Be factual in your answers. Brief, yet thorough. Give examples referring to your educational, work or volunteer experiences.


Speak directly into the phone. Keep the mouthpiece about one inch from your mouth. Speak clearly and slowly. Your enthusiasm/energy must reflect through your voice. Do not smoke, eat, or chew gum while on the phone.


Take notes. They will be invaluable to you in preparing for the face-to-face meeting.


The company representative may talk about the corporation, and from the company information in front of you, you will also know facts about the company. A little flattery goes a long way - admiring the company's achievements is, in fact, admiring the interviewer. Likewise, if any areas of common interest arise, comment on them, and agree with the interviewer when possible.


Prepare a few work-related questions. For example, "What exactly will be the major responsibilities in this position?" or "What will be my first assignment?" While you are getting the explanation, wait for a pause so that you can tell the interviewer your appropriate skills: "Would it be of value if I described my experience in the area of office management?" or "Then my experience in word processing should be a great help to you" or "I recently completed an accounting project just like that."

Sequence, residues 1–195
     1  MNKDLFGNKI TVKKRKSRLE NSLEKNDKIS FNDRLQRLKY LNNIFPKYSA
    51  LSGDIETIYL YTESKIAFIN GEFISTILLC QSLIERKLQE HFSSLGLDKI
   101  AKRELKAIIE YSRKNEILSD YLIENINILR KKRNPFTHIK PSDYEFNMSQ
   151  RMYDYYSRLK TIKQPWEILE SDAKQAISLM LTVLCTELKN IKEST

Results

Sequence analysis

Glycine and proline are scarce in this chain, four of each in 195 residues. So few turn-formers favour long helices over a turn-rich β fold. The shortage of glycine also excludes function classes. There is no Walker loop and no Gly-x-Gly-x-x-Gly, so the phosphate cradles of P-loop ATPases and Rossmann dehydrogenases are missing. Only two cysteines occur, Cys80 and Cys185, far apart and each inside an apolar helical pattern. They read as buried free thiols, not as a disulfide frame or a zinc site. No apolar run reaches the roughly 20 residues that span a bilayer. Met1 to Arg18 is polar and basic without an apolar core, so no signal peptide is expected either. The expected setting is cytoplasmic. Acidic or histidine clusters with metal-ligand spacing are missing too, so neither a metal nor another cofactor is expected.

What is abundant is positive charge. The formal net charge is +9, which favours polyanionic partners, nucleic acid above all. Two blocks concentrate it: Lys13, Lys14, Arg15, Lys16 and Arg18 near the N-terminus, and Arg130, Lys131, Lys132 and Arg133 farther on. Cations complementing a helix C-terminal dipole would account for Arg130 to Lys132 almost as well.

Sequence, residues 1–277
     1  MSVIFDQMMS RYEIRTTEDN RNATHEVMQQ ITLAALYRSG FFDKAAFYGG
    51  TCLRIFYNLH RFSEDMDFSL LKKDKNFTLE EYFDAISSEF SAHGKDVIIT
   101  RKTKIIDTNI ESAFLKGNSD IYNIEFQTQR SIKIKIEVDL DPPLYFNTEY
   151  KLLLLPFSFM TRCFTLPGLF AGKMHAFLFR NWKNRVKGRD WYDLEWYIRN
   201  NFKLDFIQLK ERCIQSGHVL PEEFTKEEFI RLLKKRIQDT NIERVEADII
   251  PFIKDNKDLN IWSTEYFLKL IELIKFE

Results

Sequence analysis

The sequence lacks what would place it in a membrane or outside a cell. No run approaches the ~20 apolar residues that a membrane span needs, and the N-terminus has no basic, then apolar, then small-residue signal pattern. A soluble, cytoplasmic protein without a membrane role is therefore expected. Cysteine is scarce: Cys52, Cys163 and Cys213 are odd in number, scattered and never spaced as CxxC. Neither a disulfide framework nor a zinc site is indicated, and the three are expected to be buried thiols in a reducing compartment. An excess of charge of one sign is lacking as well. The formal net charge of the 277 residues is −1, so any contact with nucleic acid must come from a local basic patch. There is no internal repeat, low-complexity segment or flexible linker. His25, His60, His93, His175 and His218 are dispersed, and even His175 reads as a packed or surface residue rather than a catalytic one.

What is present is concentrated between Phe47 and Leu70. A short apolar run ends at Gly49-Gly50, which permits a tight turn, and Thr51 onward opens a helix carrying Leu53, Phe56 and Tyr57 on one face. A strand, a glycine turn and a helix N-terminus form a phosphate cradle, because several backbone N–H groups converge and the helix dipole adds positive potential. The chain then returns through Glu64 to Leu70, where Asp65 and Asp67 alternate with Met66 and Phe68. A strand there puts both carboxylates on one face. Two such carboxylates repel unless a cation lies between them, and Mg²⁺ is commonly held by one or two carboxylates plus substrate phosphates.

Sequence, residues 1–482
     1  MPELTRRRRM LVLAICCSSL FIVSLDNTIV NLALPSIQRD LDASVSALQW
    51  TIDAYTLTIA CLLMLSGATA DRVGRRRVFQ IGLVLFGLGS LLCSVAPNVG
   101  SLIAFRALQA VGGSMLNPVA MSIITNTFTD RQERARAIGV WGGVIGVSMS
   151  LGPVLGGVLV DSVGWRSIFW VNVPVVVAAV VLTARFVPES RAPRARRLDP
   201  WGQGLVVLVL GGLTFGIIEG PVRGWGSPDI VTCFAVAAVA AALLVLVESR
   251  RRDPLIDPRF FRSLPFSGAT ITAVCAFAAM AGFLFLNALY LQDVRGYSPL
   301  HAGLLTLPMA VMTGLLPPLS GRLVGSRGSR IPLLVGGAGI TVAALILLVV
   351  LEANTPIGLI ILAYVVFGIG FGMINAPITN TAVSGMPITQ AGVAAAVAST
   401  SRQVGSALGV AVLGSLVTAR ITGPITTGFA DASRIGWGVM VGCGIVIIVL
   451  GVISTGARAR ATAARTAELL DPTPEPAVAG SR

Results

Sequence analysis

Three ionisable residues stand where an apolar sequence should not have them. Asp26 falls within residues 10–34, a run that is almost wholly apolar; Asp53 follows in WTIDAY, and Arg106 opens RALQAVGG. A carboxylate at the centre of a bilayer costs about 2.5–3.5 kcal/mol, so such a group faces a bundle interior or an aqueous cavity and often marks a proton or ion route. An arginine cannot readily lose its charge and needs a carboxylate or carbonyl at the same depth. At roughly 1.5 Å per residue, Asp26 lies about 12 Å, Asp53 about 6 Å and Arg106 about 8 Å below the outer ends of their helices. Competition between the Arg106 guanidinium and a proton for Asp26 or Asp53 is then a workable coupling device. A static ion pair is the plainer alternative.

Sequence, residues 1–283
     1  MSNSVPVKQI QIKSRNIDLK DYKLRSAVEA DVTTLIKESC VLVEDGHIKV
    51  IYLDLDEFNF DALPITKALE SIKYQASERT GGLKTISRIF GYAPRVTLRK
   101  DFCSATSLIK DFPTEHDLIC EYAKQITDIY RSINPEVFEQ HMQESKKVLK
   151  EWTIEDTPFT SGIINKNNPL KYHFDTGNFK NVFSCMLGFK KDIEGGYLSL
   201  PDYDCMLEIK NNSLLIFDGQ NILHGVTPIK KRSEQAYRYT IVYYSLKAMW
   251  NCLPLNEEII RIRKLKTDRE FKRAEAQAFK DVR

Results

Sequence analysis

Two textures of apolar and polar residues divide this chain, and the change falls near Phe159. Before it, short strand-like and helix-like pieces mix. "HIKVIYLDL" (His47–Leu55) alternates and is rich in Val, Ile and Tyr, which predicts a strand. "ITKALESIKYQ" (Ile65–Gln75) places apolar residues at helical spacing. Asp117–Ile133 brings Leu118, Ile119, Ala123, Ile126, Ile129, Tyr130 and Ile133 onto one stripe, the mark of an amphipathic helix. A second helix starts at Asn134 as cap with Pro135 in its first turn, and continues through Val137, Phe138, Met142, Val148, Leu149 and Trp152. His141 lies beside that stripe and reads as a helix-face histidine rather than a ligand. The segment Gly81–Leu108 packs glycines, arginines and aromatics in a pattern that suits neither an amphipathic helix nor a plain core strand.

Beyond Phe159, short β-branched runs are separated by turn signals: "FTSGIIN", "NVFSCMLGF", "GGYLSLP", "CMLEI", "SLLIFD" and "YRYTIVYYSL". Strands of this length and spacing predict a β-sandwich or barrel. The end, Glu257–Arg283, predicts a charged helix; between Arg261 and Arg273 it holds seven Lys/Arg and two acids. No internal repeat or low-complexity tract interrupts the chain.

In the phone interview, professionals recommend that you do not ask about salary, or benefits and vacation time. This information will be discussed in a later interview.


Closing the Interview

The phone interview has come to an end when you are asked whether you have any questions. Ask any more questions that will improve your understanding of the employment requirements.


If you have not already been asked or invited to meet the interviewer, now is the time to ask about the next step in the interview process or ask for a face-to-face interview. You can choose a subtle or direct approach. "I am interested in learning more about this opportunity. What is the next step for interviewing and when do you expect to make a decision on second interviews?"

A more direct statement could be "The position sounds like a very interesting opportunity, Ms. Smith, and an environment where I could definitely make a contribution. When can we get together to further discuss employment?"


If you are uncertain about the spelling and pronunciation of the interviewer's name, you should ask for the correct spelling and pronunciation. This shows your concern for the small but important items in employment--it will be noticed. After the interview, follow up with a thank you letter.


Positions are often difficult to evaluate properly over the phone. Even if the position does not sound "ideal", you should still interview to learn more about the opportunity. You will gain networking experience, practice and the job may look better when you have more facts. You might even discover a more suitable opening in another department within the company when you go to the face-to-face interview.